The theories of strength of materials, elasticity, and plasticity, lose much of their power when the structure of a metal can no longer be regarded as a homogeneous medium of unvarying physical properties. An example of this exists in the ductile-to-brittle transition that occurs in plain carbon steel and other metals.
Adequate ductility is an important engineering consideration, because it allows the material to redistribute localised stresses. This factor enables design for static situations to proceed in many cases, on the basis of average stresses. However, this method is fallacious when applied to materials which are "notch brittle sensitive". Localised stresses continue to build up when there is no localised yielding, a crack finally appears at one or more points, and propagates rapidly over the whole section without warning and showing no obvious deformation.
This fracture takes the form of the commonly recognised brittle fracture.
It is not to be thought that high localised stresses are the sole cause of brittle fracture. Rather, a stress concentration is only one of the many aggravating factors which include low temperatures, dynamic loading, and myriad structural (microscopic and macroscopic) features of the material, such as composition, grain size, impurities etc. Thus, to avoid brittle fractures, the engineer must apply new criteria to the design problem. The simple mechanical tests such as tensile and bend tests must be viewed with suspicion when regarded as an indication of the merits of the metal if there isany doubt as to its behaviour under adverse conditions.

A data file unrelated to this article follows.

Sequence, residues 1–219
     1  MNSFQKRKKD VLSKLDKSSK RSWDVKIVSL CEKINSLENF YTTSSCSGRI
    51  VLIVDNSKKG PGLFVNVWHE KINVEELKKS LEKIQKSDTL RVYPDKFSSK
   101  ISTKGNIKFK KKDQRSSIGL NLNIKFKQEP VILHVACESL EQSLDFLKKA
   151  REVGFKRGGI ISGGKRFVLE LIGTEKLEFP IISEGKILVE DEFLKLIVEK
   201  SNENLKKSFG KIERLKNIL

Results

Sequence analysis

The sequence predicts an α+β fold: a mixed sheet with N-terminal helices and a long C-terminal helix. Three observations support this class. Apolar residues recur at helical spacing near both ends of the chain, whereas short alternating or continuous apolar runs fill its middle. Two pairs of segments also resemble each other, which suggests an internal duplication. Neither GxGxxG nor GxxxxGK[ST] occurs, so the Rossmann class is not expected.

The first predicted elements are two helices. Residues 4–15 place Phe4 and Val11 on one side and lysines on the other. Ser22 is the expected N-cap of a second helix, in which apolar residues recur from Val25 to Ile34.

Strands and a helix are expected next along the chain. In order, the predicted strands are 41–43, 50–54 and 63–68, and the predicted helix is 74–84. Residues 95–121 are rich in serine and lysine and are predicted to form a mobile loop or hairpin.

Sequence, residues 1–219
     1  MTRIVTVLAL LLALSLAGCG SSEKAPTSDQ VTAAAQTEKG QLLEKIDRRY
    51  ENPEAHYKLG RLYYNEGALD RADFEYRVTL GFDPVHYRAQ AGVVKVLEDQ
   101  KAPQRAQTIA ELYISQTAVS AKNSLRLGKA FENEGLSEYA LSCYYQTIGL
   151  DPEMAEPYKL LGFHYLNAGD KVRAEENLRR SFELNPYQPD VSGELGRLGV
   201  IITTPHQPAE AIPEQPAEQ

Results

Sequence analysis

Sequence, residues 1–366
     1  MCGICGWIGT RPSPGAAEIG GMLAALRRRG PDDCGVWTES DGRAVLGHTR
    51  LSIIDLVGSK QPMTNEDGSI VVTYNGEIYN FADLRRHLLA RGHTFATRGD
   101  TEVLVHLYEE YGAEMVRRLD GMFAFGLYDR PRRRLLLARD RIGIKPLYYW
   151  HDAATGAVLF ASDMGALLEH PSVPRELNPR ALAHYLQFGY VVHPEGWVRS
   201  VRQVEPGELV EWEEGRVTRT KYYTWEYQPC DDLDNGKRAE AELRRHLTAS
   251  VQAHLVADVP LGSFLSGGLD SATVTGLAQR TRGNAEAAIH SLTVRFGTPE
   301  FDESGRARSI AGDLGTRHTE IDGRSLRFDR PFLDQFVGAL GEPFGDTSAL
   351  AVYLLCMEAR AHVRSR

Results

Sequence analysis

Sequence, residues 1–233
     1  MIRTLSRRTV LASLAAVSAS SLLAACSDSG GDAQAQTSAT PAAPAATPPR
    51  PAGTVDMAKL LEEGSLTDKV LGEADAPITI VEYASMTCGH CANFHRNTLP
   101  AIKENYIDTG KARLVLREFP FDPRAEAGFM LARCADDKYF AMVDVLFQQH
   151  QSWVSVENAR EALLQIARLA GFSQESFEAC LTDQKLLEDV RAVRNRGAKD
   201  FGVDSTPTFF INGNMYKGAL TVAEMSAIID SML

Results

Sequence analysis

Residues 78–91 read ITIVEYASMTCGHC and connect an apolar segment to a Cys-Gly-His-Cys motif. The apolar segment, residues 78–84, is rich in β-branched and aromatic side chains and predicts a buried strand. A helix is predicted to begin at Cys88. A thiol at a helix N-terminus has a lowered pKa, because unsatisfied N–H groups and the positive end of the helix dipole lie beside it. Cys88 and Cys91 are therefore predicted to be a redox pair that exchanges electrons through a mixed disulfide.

While it is realised that a new test must be employed, the form of this test has not been firmly determined. The principal area of agreement is that it must be some form of notched bar test, but the choice of a specific specimen or interpretation of derived data is subject to much dispute. At present, Australian practice rather favours the use of the Vee-notch Charpy Impact Test, but English practice is largely based on the cantilevered "Izod" impact test. This discussion is not meant to detract from the merits of such excellent and expensive tests as the Robertson, Kahn, S.O.L, or B.W.R.A. tests among others, but to show the lack of agreement and the obvious dangers in attempts to correlate or infer values obtained using different test methods.
Accordingly, after the celebrated collapse of Kings Bridge, Melbourne, the University of Queensland began a program of investigation into the problem of brittle fracture in which the author participated. The approach considered was an extension of previous work by Hendrickson, Wood, and Clark et alia (Ref. 1, 2 etc.). It was hoped that, by following this approach, the susceptibility of Australian Standard Al steel to embrittlement could be determined, tested, and a design procedure developed to enable consideration of these factors and reduction of the brittle failure danger at the design stage.
This thesis discusses some of the factors involved in brittle fracture and the progress made by previous workers. It describes the work undertaken by the author and considers some methods of reducing the possibility of brittle fracture. While the author has not presented a fait accompli it is his hope that such preparatory work may some day give future investigators a fuller understanding of the principles involved in brittle failure.